Einstein Science Reporting for Kids
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5-Apr-2012

Contact: Science Press Package
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American Association for the Advancement of Science

Bone markings: Something for scientists to chew on



Nile crocodile (Crocodylus niloticus) manipulating a carcass of a cow prior to ingestion at a crocodile farm in Bagamoyo, Tanzania. Sharp, pointed teeth can inflict deep grooves with V-shaped cross sections that mimic cut marks.
[Image courtesy of J.K. Njau]

Many fossil animal bones have been dinged up by natural processes, chewed by carnivorous animals or cut by human tools. But, when researchers dig up these bones millions of years later, it can be really difficult to tell these different types of marks apart.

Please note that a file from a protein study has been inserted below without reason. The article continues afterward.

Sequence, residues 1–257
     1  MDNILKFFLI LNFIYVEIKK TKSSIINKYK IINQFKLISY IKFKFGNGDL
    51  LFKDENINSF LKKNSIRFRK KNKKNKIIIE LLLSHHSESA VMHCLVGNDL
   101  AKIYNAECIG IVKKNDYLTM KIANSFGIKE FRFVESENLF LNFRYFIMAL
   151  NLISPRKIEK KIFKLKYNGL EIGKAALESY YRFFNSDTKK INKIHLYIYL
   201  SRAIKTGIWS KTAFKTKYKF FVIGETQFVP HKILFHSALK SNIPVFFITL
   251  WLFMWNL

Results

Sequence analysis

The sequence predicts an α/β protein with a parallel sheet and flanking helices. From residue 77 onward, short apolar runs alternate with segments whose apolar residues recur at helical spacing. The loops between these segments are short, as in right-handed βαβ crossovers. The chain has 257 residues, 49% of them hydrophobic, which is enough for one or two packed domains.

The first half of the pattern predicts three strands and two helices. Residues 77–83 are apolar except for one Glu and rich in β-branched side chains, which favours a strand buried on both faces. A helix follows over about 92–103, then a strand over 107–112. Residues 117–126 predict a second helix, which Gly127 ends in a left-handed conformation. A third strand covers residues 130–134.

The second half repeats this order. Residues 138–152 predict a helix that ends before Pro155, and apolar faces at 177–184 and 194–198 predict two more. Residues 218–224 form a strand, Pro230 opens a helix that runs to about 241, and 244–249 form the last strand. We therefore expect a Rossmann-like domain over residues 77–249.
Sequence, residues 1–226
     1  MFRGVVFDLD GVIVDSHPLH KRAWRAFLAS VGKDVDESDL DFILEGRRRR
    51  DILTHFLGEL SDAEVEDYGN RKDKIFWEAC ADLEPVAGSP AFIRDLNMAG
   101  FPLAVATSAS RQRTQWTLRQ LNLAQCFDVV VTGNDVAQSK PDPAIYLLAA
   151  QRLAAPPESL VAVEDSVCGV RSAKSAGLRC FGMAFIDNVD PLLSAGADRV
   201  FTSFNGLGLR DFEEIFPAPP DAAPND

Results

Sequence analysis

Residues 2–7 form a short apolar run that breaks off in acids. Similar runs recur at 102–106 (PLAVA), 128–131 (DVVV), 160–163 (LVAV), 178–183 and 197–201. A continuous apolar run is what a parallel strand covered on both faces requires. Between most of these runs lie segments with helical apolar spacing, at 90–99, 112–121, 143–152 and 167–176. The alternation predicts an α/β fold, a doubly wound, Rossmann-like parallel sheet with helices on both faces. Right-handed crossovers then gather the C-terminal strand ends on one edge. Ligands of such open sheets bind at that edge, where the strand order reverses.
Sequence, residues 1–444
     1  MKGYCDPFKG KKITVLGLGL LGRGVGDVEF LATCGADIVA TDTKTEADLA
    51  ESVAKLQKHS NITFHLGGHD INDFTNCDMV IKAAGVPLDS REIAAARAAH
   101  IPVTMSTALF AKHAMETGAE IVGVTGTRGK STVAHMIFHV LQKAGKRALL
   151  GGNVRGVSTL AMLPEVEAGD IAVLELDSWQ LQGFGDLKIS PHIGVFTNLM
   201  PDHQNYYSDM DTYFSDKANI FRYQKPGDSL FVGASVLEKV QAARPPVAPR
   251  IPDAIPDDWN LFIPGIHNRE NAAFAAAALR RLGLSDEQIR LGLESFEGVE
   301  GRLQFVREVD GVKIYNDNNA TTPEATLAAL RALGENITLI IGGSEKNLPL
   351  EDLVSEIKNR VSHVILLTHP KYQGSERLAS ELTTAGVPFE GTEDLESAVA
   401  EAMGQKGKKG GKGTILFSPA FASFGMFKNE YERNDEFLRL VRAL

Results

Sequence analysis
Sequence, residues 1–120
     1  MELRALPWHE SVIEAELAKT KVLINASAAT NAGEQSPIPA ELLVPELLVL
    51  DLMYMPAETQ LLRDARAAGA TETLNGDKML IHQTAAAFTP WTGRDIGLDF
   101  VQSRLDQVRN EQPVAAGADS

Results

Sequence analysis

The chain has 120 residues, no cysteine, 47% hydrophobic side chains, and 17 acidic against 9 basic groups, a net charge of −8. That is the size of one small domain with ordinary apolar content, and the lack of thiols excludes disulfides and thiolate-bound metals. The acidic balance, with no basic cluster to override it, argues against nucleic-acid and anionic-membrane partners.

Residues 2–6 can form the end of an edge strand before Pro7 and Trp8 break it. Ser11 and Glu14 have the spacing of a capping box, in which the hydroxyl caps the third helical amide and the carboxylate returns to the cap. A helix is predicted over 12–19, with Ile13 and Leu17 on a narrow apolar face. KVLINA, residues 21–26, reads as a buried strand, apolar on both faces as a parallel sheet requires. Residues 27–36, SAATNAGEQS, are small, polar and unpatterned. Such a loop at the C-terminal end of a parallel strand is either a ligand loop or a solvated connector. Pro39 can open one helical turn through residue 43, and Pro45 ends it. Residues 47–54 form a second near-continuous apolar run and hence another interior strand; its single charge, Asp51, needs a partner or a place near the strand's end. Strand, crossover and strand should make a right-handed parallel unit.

Jackson Njau of Indiana University warns researchers about this problem in an article published in 6 April 2012 issue of the journal Science.

If the animals lived the same time as modern humans or our earlier ancestors shared, it's especially important to get this right, he says. Mistakenly concluding that human blades cut an ancient bone, when really the cuts were from a hungry animal, can throw off archaeological interpretations of early human behavior. (It's generally thought that the world's oldest tools and butchered bones originated in Ethiopia approximately 2.6 million years ago.)

In his article, Njau says that researchers should compile and use a standard checklist of sorts, which would help everyone distinguish the marks of human tools from the feeding traces or trampling hooves of other animals, in the same way.

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